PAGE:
The questions amazed me most. You know how during the question period after a reading, all the college students will freeze and all the community members shift around uncomfortably? I had thought of pulling a Craig Santos Perez—he tosses cans of Spam to the first audience members who speak up—but I don’t have the throwing arm to reach the back rows, so I just braced myself for nervous silence. Instead, I couldn’t keep up with their raised hands. Okay, there was the sloucher in the first row performing disaffected sarcasm, but almost all of them were writer questions. What do you think about rhyme in contemporary poetry? How do you know when a poem’s done? What’s the most important idea you try to get across to your poetry students? What do you do when you’re staring at a blank page and nothing’s happening? How do you manage self-doubt? The one-on-one conversation afterward was just as urgent. One guy who called himself a “music nerd” asked, “So are there poet’s poets, the way there are obscure, unknown musicians that all the other musicians admire for their skills?” And there was the fiction writer who asked about writing a story in which people are telling a story. “Well, that’s called frame narration,” I began, and he said, “Yeah, but how do you DO it? Is it like, dot dot dot? Is there a way to start in third-person omniscient and then move to first-person?” Man, that kid is in the trenches.

Are there any questions more high-stakes than those, more serious? I liked those students so much for sticking their hands right up in that potentially intimidating space and asking what they needed to know. And I like their teachers so much for making room for this conversation in an era of frantic standardized testing and STEM-field obsession. The music nerds and future scientists need poems, too, and Beth is making sure they have access to them. It’s beautiful.

Big Poetry Giveaway 2014

big poetry giveaway 2014So it’s national poetry writing month again, and shouldering aside all the forces that prevent one from concentrating on any project in a dogged way, I am writing. The plan: draft a long poem, one section per day, for thirty days. The rules: I just have to write a little bit daily, at any time, under any conditions, doesn’t matter if I’m cranky or it seems bad, and I’m not requiring myself to share any of it while it’s in progress, though I may. Yesterday, being April’s fool, I performed my duty on our backyard trampoline. I perched up there with my laptop, typing as the sun set, shivering because I’d stepped into snowmelt in stocking feet. This morning I drafted for half an hour at a desk like a proper poet. Updates soon.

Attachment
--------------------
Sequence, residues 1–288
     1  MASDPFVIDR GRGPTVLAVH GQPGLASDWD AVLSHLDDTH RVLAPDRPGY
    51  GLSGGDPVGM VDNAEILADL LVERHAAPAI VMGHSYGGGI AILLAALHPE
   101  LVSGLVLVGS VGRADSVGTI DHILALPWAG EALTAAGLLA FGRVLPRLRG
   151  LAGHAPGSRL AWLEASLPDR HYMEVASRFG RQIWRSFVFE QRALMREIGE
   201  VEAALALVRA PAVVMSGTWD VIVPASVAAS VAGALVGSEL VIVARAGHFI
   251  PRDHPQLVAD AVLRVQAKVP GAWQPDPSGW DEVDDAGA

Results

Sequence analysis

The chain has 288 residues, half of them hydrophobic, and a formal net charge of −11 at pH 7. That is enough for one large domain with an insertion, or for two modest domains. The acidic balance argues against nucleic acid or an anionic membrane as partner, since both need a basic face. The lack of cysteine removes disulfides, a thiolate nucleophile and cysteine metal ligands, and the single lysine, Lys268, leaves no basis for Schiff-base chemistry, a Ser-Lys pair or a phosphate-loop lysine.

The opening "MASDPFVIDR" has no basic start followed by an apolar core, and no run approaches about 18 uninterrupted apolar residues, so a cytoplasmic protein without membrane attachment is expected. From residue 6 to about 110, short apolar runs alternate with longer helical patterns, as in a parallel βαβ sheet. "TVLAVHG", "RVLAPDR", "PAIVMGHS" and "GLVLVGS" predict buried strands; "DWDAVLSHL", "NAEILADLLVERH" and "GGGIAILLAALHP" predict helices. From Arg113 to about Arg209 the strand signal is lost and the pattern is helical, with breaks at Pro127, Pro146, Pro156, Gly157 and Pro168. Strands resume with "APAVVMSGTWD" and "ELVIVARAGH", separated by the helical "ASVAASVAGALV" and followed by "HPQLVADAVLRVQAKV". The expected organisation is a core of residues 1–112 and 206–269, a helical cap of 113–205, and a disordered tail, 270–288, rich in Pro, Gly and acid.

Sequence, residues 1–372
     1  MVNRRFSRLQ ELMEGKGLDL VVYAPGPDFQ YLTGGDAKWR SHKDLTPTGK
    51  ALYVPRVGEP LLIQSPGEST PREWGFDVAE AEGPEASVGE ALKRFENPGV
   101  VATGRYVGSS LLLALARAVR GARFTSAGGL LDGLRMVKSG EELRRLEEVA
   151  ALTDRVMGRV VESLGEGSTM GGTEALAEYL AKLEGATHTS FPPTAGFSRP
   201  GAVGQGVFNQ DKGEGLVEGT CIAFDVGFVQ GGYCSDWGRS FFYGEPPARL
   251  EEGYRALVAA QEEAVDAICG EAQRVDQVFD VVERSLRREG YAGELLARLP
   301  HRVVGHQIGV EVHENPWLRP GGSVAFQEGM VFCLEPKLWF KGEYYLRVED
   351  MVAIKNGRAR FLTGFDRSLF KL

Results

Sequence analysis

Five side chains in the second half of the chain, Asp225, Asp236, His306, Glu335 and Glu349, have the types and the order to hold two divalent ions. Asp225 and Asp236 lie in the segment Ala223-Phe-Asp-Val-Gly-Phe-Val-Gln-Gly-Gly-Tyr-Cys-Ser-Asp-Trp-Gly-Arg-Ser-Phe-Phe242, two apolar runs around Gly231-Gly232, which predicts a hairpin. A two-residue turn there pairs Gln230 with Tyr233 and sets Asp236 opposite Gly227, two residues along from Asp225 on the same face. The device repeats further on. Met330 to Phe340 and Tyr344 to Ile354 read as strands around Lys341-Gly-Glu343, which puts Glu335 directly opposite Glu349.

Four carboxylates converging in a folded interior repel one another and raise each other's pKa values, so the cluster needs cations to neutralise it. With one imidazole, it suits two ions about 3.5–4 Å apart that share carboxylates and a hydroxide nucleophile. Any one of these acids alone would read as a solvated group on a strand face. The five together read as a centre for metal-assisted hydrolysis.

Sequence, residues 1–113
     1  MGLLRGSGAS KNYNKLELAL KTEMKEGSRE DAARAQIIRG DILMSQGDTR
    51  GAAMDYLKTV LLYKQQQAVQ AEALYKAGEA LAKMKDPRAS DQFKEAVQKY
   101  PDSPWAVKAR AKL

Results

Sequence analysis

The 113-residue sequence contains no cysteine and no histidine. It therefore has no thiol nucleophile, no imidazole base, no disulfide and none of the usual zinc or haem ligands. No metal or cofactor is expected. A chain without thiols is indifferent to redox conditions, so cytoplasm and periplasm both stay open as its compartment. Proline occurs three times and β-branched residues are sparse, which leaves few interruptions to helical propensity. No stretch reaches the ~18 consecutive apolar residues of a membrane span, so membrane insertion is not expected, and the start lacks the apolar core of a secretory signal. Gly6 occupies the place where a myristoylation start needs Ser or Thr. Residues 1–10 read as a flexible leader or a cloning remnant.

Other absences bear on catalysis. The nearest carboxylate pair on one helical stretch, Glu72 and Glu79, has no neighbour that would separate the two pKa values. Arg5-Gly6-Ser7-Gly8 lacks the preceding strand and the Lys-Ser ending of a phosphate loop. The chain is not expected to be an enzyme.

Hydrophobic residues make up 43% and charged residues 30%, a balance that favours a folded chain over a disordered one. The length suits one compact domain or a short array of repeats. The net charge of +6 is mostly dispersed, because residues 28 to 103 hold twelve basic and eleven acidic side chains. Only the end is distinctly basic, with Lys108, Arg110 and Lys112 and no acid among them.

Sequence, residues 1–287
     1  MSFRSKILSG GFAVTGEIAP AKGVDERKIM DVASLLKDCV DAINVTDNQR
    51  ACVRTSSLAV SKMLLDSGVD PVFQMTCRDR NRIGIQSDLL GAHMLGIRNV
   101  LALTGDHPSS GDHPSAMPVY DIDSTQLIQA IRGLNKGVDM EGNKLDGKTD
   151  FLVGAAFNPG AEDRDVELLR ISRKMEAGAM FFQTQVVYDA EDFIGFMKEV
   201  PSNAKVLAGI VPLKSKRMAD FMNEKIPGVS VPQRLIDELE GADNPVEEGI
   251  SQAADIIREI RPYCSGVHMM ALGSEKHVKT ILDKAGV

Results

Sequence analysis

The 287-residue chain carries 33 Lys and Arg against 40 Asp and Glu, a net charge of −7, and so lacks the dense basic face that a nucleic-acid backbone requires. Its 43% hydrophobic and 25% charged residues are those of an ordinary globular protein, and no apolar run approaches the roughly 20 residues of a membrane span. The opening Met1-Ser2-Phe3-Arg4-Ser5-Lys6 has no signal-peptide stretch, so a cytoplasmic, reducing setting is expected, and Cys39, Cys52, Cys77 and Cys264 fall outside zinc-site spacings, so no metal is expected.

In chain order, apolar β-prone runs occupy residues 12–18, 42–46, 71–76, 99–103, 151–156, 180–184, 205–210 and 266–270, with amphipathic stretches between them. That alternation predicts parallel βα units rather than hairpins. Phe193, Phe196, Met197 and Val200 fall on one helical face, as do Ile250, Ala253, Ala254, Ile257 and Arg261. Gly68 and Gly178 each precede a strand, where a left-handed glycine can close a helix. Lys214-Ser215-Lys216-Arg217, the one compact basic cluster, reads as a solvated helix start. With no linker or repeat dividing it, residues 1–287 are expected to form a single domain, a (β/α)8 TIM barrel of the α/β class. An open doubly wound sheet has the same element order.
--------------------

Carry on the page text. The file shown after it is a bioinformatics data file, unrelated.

Meanwhile, I realized I’m just in time to fling some books at the universe in the Big Poetry Giveaway 2014 (thanks to Kelli Russell Agodon for organizing this!). If you want to be in the running to receive the following two books, just reply to this blog post by May 1st. I’ll then use a random number generator to select a winner, contact you for your address, and mail them to your planet of residence. Last year, I gave away my third and most recent collection, The Receptionist and Other Tales. Working backwards, I’ll give away two second poetry books this time:

heterotopiafrontHeterotopia, winner of the Barrow Street Press Poetry Prize in 2010, selected by David Wojahn. These poems center on my mother’s childhood in Liverpool, England during the Blitz and the years of privation that followed. Here’s a lovely review by Julie L. Moore in Verse Wisconsin.

]Open Interval[ by Lyrae Van Clief-Stefanon, a National Book Award finalist published by Pittsburgh in 2009. Not only is it an inventive, intellectual, beautiful book, but back in another millennium, when I was a new professor at Washington & Lee, Lyrae, nearing graduation, was my advisee. I’d like to take a tiny bit of credit for helping her get started as a poet, but nope: I just signed her registration forms. I’m going to hear her read at Hollins this Saturday, so if they have copies for her book on sale there, I’ll get her to sign it for you.

See Kelli’s master list for links to the pages of LOTS of other participating poets. Put your name into a lot of drawings and you may have a big pile of inspiring poems to read by the time those cicadas start buzzing (or, southern hemisphere readers, before snow falls).